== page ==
I mostly remember people by what they wear, or if they have name-able attributes (like "long blonde hair" or "glasses"). I pick myself out of a crowd because I usually wear the same things.

        Learning a dance move is also difficult, because I can't go directly from seeing some move to moving that move. I have to see it, name every piece of it (inventing names as I go along if needed), then repeating the names in my head to trigger my body. And if it starts getting to be above the "7 +/- 2" threshold for total of "names of step" times "steps in the sequence", I can't keep all the different names straight, so I just go random.

        For example, every beat of the macarena got translated into some phrase ("right hand on hip", "left hand on hip"), and those movements of that simple sequence are just about overload for me.

        -- Randal L. Schwartz, Perl hacker
        Be sure to read my standard disclaimer if this is a reply.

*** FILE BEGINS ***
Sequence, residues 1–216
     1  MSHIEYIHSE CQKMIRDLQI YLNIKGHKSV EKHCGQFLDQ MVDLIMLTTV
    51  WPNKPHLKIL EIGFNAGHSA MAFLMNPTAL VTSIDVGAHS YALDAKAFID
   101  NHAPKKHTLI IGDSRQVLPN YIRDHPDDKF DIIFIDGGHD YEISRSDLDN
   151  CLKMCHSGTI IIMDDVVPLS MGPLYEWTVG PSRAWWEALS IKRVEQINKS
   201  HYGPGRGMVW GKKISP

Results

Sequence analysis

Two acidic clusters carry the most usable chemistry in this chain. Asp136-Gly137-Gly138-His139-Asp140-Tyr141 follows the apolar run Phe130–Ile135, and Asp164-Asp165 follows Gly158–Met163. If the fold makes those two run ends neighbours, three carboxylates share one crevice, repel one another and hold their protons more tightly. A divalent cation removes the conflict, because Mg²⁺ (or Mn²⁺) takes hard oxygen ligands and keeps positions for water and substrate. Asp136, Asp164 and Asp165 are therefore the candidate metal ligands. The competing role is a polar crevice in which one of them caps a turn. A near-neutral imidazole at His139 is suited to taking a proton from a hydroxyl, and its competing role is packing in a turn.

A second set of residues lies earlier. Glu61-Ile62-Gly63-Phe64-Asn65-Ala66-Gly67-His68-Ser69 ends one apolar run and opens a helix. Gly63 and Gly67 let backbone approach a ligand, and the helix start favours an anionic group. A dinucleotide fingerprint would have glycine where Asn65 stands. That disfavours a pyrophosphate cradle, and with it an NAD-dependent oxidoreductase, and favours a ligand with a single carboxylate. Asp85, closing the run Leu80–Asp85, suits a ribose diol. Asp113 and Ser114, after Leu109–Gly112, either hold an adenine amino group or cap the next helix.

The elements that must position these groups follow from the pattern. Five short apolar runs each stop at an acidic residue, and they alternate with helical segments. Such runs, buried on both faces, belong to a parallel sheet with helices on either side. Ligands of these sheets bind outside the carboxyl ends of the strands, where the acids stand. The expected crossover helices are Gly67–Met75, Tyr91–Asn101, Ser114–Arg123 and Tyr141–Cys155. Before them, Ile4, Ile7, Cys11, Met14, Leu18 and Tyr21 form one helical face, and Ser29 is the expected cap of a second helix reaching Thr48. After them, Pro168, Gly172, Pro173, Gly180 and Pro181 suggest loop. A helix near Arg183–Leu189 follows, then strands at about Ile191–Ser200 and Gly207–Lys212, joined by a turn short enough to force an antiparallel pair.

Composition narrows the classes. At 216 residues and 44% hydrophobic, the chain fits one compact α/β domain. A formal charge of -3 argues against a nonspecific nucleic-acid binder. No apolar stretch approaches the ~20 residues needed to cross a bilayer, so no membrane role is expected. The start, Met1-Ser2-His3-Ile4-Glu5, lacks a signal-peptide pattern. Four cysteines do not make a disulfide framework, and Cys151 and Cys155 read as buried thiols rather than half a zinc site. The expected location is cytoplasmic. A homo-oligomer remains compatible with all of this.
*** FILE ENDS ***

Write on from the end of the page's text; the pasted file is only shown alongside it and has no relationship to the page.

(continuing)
IIRC, 65% of people are primarily visual, 25% are primarily auditory, and 10% are kinesthetic. I'm in the 10%.

      While I can remember images and I can remember what was said, I don't naturally think either way.

      As you point out, this can make it difficult to understand directions and interfaces that are intended for visual people.

Re^2: When I count, I think of numbers as...
by bart (Canon) on May 30, 2005 at 22:50 UTC
    Heh, odd, your list of colours is not entirely dissimilar to the colour coding of numbers on electronic components, like resistors. That list is:
    0 = black
    1 = brown
    2 = red
    3 = orange
    4 = yellow
    5 = green
    6 = blue
    7 = purple
    8 = grey
    9 = white
    

    Note that this code is partly based upon a normal rainbow, in the range from 2/red to 7/purple. On the low side, you can imagine it going to black over the intermediate colour between red and black: brown; but on the upper side, that isn't so cut-and-dried.

Re^2: When I count, I think of numbers as...
by rinceWind (Monsignor) on Jun 01, 2005 at 09:48 UTC

    In my past, I've been spending too long hunting through bags of resistors. Their colour codes have become fairly ingrained.

     0 = black
     1 = brown
     2 = red
     3 = orange
     4 = yellow
     5 = green
     6 = blue
     7 = purple